18th-Century Typography on the Road to Princeton


This post is in honor of James Mosley, written in the hope that he will correct me.

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The second oldest stone bridge in New Jersey (and the oldest with a period sign), sits just outside Princeton along Route 27. Additional information can be found at: [http://www.alpsroads.net/roads/nj/nj_27/o.html]. The abbreviated text says: Kingston Bridge, 45 miles to Philadelphia, 50 miles to New York, 1798.

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I was introduced to the bridge and its sign by Steve Ferguson, Curator of Rare Books, as we were returning from Rare Book School, where I studied typography with Mr. Mosley (http://typefoundry.blogspot.com/).

In 1776, Benjamin Franklin (1706-1790) chose the British typeface “Caslon” for the first printing of the American Declaration of Independence and for the Constitution. So the question is, when the Kingston Bridge was built in 1798, only twelve years after the American revolution, did they label it with a British font or a French font?

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I was convinced that P. Dorn (the builder) did not use “Caslon,” so I looked at the British face by John Baskerville (1706-1775) developed in 1757 and a French romaine du roi designed by Fournier, le jeune (1712-1768) in 1742.

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Examples of each were available in their books:

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Virgil, Publii Virgilii Maronis Bucolica. Georgica. Aeneis. (Birminghamiae: Typis Johannis Baskerville, 1757) Graphic Arts Collection (GAX) Baskerville 1771

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Fournier, le jeune (1712-1768), Manuel typographique (Paris: Imprimé par l’auteur …, 1764-66). Graphic Arts Collection (GAX) 2007-0822N

The M, N, Y could be either but the R appears French. The clearest distinction, to my eye, is in the figures or numbers, with a sweeping French lower case 7 and 9, and a curling 5. It is unfortunate there is no Q in Kingston.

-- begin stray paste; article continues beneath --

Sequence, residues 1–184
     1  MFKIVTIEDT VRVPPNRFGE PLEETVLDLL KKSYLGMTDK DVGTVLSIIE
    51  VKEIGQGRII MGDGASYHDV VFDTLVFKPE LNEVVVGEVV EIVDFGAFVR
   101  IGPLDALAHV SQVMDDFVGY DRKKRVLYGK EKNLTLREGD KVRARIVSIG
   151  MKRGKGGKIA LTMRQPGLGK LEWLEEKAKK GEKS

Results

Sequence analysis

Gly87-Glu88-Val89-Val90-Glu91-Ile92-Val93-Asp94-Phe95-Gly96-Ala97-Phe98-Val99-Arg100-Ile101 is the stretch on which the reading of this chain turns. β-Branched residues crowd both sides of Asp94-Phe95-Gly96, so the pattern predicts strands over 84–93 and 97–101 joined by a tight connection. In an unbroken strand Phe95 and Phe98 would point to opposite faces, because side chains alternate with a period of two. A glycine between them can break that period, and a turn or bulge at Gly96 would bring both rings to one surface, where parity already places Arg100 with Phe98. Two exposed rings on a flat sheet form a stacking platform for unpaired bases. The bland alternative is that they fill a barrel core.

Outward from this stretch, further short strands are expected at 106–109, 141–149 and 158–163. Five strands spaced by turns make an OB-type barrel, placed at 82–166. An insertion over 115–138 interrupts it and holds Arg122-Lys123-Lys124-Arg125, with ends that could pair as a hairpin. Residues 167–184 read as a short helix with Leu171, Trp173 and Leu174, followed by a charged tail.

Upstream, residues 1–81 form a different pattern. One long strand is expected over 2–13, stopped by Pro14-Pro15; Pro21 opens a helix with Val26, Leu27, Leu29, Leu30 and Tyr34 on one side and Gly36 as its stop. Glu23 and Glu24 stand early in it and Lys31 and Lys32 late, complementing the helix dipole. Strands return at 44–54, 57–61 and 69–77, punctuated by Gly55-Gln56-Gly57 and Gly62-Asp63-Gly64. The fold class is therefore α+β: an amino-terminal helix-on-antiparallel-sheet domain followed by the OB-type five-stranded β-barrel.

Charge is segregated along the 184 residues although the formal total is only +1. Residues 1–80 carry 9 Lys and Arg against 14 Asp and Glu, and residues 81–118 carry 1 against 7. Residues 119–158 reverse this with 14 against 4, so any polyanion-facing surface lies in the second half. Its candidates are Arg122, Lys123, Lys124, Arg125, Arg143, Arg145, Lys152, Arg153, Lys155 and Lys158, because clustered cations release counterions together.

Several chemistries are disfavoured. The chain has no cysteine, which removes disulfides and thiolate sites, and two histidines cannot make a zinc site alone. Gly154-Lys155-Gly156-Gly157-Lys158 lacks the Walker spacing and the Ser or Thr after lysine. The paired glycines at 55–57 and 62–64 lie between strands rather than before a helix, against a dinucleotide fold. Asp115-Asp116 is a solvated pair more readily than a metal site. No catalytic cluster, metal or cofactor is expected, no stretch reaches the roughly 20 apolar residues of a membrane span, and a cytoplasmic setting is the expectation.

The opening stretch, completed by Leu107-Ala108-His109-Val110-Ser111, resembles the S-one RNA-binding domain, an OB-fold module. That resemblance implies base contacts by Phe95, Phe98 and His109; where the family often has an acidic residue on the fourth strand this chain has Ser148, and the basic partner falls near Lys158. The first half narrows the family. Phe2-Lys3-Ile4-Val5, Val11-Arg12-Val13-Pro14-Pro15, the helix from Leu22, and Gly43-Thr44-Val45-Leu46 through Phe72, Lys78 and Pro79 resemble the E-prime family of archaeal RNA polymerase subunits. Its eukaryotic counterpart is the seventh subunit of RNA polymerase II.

So, does our little American bridge have a French face? I think so but I will wait to see whether my classmates agree. Or if the master will correct me.


Well, I did, in fact, guess wrong. Mr. Mosley has kindly corrected me:

“That inscription of 1798 on the bridge is very handsome. I think its style is more Baskerville than Fournier — that is, more British than French — but then that is what one would expect.”

He continues, “Letters cut in stone in the old British colonies would naturally tend to show an influence from the former homeland, just as those made further north among the snows of Québec might — I imagine — have a certain echo of the work of French stonemasons.”


Re: 18th-Century Typography on the Road to Princeton

Thank you very much for a most interesting article.

The bridge does not sit "just outside of Princeton", but rather half the Bridge sits in Princeton Township (Mercer County) and a quarter sits in each of South Brunswick Township (Middlesex County) and Franklin Township (Somerset County.) The boundaries of all three townships (and counties) meet at the center of the Kingston Bridge. [When the bridge was built Mercer County did nor exist; the centerline of the road (and bridge) was then the boundary between Middlesex and Somerset Counties. Kingston has never been a municipality; what historicaly was Kingston now lies in four townships (in addition to the three afore mentioned three townships a small part lies in Plainsboro) and three counties.]

Having taugh typography 15 years ago, looking at the bridge font was a fun little test of my skills. I was correct in my choose of Baskerville; strickly because of the number 5. Of coarse, it had to be a font with English roots.
Fun! find some more bridges. I am from Middletown, NJ; the village area where there are many grave yards dating back as far as the mid 1600's, and a very historical area during the revolution. I never thought of looking at the fonts?!